Of course, this isn't a newspaper account of the final chapter of the earth's history. But Jesus IS talking about great change The sun and moon darkened, stars falling – a terrifying thought in an ancient world of dark night skies and very little non-solar light. In an astrological culture such a sight would be powerfully significant.

The Son of Man coming on the clouds? That's taken directly from the book of Daniel in the Old Testament. All of these were shorthand for signaling the world's transformation.

This may sound weird to us but it wouldn't have made first century folks bat an eyelash. The great change, though, is not so much the story's imagery.

It's instead that Jesus comes here. Bringing not condemnation, [contrast all the other apocalyptic literature of the time, as noted in Preaching in the New Creation: The Promise of New Testament Apocalyptic Texts, David Schnasa Jacobsen]– nothing is said of condemnation – but bringing mercy - transformation - to earth. And the Son of Man - Humanity's Child - stays here, transforming everything. Change is coming...and it's coming to a neighbourhood near you.

And your role? What are you supposed to do? You are to keep awake because change is coming, coming here, coming soon, and you're going to be ready to be part of it at the first sign. At the first inkling you're going to fling wide the door and get everything prepared for the big changes coming. You will be part of the change that's around the corner. You are part of God's change for the world.

We hear these stories and often we think of that its about Jesus rescuing us from a broken planet and lifting us up to the heavenly realm, an idea made popular by the “Left Behind” books. But we need to look closely at the text to see what Jesus is REALLY saying.

Jesus is saying he is coming down, not that we'll be lifted up. Jesus isn't saying that we'll be rescued FROM this world, but that we'll be change agents IN this world. Jesus isn't saying that he HATES this earthly realm, favouring it over the heavenly realm. He is saying that he LOVES this world so much that he's going to fix it.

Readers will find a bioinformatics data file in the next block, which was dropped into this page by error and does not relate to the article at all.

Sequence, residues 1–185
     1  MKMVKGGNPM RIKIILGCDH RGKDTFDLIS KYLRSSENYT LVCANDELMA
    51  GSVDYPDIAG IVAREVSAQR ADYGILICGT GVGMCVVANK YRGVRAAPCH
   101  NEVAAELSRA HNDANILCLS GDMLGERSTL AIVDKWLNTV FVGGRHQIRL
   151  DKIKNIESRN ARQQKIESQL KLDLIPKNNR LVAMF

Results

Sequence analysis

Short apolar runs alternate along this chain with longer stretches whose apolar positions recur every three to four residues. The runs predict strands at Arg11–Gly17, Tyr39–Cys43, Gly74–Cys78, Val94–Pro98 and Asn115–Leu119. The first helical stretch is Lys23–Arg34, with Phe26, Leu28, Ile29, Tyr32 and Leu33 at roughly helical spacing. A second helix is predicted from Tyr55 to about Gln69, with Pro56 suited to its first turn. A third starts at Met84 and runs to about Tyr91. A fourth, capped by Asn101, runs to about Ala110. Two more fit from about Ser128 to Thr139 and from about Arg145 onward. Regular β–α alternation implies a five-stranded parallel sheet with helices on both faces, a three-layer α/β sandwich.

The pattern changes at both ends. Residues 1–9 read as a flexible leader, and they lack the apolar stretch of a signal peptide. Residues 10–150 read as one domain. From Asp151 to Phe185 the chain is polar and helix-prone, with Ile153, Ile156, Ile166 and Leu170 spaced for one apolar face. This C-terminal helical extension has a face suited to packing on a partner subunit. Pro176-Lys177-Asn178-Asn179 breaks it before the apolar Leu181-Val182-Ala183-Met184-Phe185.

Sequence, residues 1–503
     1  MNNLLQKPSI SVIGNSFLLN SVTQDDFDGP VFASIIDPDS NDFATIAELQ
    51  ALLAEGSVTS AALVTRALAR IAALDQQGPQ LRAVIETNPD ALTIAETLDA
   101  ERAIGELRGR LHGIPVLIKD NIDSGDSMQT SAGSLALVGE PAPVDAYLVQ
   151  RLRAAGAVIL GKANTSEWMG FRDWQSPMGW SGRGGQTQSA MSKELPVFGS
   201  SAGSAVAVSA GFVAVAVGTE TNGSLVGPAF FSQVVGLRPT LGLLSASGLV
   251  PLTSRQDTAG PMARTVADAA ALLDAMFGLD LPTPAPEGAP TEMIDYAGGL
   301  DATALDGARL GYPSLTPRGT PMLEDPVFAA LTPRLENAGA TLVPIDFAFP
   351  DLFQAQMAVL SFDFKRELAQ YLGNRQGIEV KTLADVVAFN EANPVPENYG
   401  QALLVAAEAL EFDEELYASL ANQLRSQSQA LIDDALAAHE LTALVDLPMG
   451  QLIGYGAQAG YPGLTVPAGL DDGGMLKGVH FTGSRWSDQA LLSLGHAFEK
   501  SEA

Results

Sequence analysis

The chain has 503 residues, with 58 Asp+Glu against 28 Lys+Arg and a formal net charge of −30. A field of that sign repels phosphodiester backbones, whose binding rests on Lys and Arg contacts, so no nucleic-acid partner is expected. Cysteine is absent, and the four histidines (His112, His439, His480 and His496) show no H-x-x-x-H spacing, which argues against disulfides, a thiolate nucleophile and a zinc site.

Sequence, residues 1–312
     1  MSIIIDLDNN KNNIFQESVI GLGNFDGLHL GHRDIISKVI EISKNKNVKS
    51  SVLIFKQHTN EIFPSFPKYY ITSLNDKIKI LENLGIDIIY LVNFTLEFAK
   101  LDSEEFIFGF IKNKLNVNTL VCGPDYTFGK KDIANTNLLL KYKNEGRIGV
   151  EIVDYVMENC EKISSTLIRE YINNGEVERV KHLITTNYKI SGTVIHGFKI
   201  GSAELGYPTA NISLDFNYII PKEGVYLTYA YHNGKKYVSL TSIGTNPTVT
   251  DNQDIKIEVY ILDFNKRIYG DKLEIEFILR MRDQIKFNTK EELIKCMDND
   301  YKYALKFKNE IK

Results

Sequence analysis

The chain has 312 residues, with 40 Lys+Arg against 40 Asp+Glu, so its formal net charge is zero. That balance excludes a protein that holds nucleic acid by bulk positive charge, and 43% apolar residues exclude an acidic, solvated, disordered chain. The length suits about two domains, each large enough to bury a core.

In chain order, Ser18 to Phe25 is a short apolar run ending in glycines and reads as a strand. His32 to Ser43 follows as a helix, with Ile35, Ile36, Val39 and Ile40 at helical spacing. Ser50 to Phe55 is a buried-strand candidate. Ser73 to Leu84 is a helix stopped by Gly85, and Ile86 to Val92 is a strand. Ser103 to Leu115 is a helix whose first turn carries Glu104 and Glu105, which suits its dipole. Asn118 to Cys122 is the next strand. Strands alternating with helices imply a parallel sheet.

And our job is to watch for him, to keep alert to what God is doing all around us. And when we do see God with sleeves rolled up and sweat on the brow, God asks that we join in, being part of the saving work that God is doing all around us.

And today, God is calling Brody into that work. Through the frigid waters of holy baptism, God is waking Brody, recruiting him to work alongside his sisters and brothers in Christ, being part of God's Big Solution for a broken world. Brody is being asked to live God's future today. Just as we all are called.

If we want to see what God has in mind for the world, just look at Brody, if we want to see God's future, watch him crawl, and see the possibilities resting in him, and witness the future that God has created in him.

So keep alert. Watch. Be part of the change that God is doing in the world. But always remember that it's God's mercy that transforms, God everlasting kindness that brings renewal.

May we all be part of God's Big Solution. Amen.

Sunday, November 23, 2008

Christ the King - Year A

Have you every felt alone? I mean REALLY alone? I'm not talking about mere loneliness, but abject Aloneness.

Have you ever felt like you couldn't connect with a single person on this planet? That no one really knew the deepest part of you, nor did you know the deepest part of anyone? That everywhere you turned you didn't just see strangers, but aliens. People so foreign to your own experience as to be from outside your solar system.

Maybe it was something that happened to you. Abuse, rejection, failure. And you were too ashamed to connect with others for fear it might happen again.

Or was it a loss that left you breathless, a loss so deep and raw that you couldn't really share with it anyone, because you weren't sure anyone else knew what it was like?